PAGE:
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Take the Lead with Your Customer Awareness Campaign

Strategically Speaking
May 16, 2012

Karen Crumbley Author: Karen Crumbley,

Financial Institution (FI) management teams are embarking on the next steps in order to meet the FFIEC’s Supplement to Authentication in an Internet Banking Environment expectations.  The next line item on the agenda after the initial risk assessment is commonly the Customer Awareness and Education component of the guidance.  Whether your FI’s Information Security Officer is the lone soldier overseeing this project or there is a designated committee of individuals from different functional areas to manage the awareness campaign, they are likely in process with reviewing their options. 

Naturally, cost effective control solutions top the list when making a decision on your Customer Awareness and Education Campaign.  According to a recent fraud survey from Bank Info Security, FIs rank increasing and improving staff training just above enhancing customer and member education efforts for the top ten investments they plan to make over the next twelve months.   All signs indicate that FIs are planning to take an active approach to the guidance’s suggested enhancements to customer awareness. 

So, the remaining question is, “how are the funds going to be applied in line with the customer awareness campaign?”  As the guidance states, both online banking retail and commercial accounts holders will need to be educated.  FI management teams should really be strategically looking at three segments to provide training for, consumer/retail customers, commercial customers and internal personnel.  In other words, each category will need to be given information appropriate to their needs.  Consider a multi-dimensional approach to all audiences.  The options for presenting material to the online customers may roughly be broken down into the following three categories:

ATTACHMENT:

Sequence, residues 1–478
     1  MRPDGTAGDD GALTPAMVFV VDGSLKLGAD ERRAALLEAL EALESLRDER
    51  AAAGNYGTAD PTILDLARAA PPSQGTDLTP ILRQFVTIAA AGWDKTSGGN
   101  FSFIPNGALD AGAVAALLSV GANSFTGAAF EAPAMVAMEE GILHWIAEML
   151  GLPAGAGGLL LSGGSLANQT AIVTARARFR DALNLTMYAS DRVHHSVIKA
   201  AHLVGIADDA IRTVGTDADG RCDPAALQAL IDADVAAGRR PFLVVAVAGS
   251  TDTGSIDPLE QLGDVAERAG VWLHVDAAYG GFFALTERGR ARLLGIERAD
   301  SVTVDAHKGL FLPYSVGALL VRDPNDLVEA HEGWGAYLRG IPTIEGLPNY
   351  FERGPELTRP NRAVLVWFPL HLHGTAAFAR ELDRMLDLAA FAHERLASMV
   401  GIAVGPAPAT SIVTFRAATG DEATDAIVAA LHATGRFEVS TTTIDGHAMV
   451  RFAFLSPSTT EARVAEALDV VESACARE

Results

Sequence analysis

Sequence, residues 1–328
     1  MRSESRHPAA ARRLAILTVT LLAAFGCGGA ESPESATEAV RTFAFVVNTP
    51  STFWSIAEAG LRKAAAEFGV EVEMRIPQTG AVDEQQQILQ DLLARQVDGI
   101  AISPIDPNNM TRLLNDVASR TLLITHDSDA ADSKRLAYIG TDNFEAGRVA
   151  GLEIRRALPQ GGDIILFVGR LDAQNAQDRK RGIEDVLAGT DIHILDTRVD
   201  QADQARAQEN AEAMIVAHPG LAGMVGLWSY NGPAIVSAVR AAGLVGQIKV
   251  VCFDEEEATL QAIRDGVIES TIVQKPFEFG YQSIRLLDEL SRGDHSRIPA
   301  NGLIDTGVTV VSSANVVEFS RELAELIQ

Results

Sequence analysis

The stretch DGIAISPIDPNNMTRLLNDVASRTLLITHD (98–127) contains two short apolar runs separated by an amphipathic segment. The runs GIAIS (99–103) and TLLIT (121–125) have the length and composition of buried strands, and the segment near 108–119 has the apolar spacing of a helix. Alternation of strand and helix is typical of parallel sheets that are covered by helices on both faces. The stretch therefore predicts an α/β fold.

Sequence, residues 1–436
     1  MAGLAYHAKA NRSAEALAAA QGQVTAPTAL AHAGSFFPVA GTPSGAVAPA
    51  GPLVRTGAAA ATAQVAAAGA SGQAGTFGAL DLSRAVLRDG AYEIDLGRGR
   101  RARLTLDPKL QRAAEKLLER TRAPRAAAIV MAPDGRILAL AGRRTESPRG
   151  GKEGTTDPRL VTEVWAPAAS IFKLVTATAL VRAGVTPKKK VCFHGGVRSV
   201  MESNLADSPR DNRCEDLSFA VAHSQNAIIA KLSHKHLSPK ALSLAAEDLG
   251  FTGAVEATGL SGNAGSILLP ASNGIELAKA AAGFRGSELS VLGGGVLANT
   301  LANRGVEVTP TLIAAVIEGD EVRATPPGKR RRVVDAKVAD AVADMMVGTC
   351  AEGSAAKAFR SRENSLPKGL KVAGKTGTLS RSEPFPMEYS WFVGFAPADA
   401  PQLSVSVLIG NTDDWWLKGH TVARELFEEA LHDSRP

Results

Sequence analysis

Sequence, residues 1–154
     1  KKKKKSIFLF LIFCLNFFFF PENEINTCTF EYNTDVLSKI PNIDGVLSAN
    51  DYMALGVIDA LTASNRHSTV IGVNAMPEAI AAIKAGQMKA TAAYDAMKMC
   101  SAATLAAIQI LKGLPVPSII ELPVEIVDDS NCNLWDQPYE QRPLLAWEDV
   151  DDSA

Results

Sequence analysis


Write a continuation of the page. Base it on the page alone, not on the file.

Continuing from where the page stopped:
1. In person (through employee training, lunch and learns, onsite visits)
  2. Electronically (websites, eblasts, online training portals)
  3. Hard Copies (brochures, statement stuffers, standard mailings)

Given the above list of options, one of the FI’s most significant decisions will be in what delivery channels they choose to roll the training out to customers.  A major concern FIs have is that they do not want to risk alienating customers by asking them to participate in an interactive training course.  Another recurring concern is that FIs want to know what other FIs are doing.  These concerns are clearly valid.  FIs do not want to appear to be unreasonable in what they are asking of customers.  However, a little “hard line” security promotion might just be a plus.  In fact, I strongly encourage FIs to take a strong stance and have a thought leadership approach. 

No need to wait until your auditor or examiner makes a request for enhancements or become overly concerned with what other FIs are implementing.  Think of how you can provide the greatest service for your customers.  The concept is a little reminiscent of JFK’s, “ask not what your country can do for you; ask what you can do for your country”.  Seriously though, providing educational tools and designing an intentional campaign for your customers is a service that you can be proud to promote. Taking the lead and asking customers to assist in keeping their transactions safe is not too much to ask, is it?

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